slippage. In addition, in order to accommodate this 3-D form, the shed opening had to be as large
as possible. For the weaving of ropes, the new narrow fabric looms differ from conventional
machines with regard to the reed, the fabric guides and fabric take-off.

As a rule, coarse reeds are used in order to attain a round rope form. Only two pitches are
required for weft beat-on; while the large shed opening necessitates the use of reeds with
increased headroom.

The standard guides in a narrow fabric needle loom have the task of holding the fabric as
steady as possible during reed beat-up. As a rule, the fabric holder is flat and exerts a certain
degree of pressure on the fabric in the formation zone. The newly developed and patented fabric
holder supports the formation of the 3-D rope structure and guarantees the precise guidance of the
rope weave.

Fabric take-off is completed by means of enlarged rollers, whereby multiple winding is
utilized to increase the winding angle. In combination with a roller coating that offers an
increased blocking coefficient, this process provides constant take-off force.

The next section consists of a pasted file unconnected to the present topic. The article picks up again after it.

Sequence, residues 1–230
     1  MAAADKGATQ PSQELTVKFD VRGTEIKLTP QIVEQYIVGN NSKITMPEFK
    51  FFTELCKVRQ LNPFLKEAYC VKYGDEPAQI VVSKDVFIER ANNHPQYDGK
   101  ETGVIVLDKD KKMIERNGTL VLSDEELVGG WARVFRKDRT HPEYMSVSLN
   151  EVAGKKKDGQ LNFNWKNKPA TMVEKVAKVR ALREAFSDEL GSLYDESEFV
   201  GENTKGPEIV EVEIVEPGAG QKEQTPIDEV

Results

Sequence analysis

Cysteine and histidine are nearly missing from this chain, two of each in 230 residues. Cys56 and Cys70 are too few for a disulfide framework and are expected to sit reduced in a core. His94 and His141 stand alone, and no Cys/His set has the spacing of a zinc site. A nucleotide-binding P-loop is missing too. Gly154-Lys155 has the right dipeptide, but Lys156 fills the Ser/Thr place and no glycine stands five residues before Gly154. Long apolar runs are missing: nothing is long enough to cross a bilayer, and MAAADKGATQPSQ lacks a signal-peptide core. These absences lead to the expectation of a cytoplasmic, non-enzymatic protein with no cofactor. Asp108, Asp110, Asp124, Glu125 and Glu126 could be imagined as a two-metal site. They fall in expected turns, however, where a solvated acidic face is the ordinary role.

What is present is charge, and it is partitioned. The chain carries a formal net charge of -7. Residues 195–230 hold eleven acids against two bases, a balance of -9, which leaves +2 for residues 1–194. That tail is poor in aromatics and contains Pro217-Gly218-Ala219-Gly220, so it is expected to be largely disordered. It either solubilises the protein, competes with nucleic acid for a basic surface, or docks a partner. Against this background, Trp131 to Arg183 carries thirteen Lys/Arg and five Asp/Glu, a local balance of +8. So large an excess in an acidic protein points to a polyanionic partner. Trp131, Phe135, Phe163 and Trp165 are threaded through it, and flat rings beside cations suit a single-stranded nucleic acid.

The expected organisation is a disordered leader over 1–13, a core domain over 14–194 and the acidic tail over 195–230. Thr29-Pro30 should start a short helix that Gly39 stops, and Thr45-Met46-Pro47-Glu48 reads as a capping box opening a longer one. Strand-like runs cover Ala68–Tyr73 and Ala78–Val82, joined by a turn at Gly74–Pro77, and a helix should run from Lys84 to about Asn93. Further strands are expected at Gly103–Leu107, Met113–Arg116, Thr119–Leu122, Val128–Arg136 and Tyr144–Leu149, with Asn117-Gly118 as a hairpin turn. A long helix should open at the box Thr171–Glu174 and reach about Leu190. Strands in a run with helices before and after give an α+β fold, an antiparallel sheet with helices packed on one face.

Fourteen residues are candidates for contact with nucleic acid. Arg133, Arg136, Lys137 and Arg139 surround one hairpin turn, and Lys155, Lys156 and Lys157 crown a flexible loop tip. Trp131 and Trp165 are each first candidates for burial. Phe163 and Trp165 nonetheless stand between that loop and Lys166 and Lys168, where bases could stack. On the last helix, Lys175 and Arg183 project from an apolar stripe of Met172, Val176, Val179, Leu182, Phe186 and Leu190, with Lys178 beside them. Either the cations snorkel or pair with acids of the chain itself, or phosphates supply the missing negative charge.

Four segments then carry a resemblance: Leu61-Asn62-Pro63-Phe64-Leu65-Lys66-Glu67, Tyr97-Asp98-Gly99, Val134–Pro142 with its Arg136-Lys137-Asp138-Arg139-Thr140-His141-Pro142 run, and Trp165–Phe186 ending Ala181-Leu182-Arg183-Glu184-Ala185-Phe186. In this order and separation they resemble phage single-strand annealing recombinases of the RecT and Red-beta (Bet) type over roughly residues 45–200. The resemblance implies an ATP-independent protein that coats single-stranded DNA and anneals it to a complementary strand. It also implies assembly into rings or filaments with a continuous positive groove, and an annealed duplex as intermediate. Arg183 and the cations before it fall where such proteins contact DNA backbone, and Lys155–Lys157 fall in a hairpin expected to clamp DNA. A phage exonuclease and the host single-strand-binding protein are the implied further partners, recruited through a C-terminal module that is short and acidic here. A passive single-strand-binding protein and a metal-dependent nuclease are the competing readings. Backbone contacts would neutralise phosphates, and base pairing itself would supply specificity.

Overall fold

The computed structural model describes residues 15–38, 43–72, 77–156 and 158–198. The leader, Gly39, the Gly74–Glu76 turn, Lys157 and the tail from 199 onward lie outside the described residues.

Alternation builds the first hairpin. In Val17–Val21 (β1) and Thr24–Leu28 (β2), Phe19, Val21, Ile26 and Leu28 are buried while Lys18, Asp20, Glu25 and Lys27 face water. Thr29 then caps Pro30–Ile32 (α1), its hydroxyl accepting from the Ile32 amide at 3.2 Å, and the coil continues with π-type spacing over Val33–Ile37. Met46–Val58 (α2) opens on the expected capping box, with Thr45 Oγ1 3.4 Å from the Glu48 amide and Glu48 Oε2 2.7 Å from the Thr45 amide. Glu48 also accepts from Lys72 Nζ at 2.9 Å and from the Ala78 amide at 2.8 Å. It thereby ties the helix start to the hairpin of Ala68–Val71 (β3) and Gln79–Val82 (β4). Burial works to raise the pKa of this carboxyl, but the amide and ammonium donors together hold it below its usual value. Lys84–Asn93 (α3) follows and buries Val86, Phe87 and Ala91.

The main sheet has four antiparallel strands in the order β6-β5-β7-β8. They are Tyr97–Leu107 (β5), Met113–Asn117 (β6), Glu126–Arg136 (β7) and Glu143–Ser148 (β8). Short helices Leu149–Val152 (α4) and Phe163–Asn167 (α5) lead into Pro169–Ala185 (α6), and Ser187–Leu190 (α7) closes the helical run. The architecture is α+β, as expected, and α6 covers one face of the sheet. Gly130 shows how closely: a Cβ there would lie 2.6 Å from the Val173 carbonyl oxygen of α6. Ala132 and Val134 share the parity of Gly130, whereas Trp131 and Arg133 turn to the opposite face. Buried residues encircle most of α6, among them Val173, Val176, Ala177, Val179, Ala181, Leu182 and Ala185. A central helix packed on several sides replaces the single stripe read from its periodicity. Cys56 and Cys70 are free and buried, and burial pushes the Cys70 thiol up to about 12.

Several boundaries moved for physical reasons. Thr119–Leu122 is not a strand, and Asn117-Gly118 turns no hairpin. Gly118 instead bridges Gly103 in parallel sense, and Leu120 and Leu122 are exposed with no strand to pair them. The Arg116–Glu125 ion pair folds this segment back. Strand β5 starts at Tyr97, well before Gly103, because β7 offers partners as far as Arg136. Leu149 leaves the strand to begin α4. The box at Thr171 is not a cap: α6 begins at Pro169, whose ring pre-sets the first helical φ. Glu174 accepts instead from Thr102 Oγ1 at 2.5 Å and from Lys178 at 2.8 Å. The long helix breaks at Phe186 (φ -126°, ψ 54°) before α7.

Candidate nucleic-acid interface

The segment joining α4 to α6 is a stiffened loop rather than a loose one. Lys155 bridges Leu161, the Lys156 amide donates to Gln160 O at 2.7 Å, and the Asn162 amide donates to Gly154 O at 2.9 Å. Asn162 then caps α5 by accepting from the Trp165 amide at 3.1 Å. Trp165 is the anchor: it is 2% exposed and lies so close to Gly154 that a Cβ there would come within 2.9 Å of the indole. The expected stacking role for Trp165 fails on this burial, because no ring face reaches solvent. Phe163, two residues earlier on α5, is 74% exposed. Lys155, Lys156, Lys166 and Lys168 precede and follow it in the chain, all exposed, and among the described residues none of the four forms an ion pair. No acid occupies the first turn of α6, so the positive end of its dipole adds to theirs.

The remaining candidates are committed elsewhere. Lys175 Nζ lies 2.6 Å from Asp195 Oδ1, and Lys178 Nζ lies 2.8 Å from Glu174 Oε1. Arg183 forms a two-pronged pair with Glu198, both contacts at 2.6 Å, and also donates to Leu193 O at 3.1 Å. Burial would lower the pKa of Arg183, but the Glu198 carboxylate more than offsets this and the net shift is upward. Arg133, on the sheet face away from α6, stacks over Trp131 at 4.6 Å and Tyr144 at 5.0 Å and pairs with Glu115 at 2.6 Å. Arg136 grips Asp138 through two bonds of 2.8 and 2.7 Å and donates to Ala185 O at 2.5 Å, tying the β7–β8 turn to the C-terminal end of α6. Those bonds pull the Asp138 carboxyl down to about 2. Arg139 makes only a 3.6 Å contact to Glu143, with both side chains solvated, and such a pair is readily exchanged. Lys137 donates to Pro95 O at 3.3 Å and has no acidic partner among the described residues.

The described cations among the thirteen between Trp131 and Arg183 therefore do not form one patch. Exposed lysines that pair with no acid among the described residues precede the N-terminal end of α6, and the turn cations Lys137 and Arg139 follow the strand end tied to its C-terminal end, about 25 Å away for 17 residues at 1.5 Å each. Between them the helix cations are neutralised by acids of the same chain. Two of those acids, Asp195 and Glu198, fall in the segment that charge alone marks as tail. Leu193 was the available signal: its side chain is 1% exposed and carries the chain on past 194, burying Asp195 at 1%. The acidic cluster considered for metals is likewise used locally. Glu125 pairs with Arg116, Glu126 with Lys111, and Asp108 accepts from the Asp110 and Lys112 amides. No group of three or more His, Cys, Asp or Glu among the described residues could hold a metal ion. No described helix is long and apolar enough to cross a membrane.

The feeding of sheath and core threads takes place via a compensation device, which also
supports the creation of a 3-D form.

Various fabric patterns are used to achieve rope-like structures with specific stress-strain
and surface characteristics. As a result of the fabric texture, linkage between the individual
layers of the rope-like structure can be attained, thus preventing dangerous slippage when the rope
is stretched over sharp edges
(See Figure 2).


The Advantages

Production of the new wovens offers several important advantages:

  • Productivity is improved. With six heads, a speed of 2,000 revolutions per minute is reached,
    and 10,000 meters of rope can be manufactured in three shifts. A comparable braiding machine
    produces 1,580 meters.
  • Longer, knot-free items are produced because longer yarn lengths are available on the bobbins
    and warp beams compared to braiding bobbins. 
  • The linkage of the various layers by means of weft threads rules out slippage in multilayered
    ropes.
  • Good mechanical characteristics include lower strength at 1 and 2 mm while meeting the German
    Institute for Standardization requirements, comparable strength between 3 and 4 mm, far higher
    strength than braided structures at a thickness of 5 mm and above, and stress-strain curve similar
    to that found in braided ropes.
  • Various surface structures are possible through the selection of differing fabric
    patterns.
  • Production and manufacturing costs are far lower than for braided ropes.

In addition to the mechanical and surface characteristics that can be attained, a reduction
in production costs constitutes an important criterion for an investment decision. The first narrow
fabric looms are already in industrial production.


Editor’s Note: Dr. Roland Seidl is headmaster at the Jakob Müller Institute of Narrow Fabrics,
Frick, Switzerland.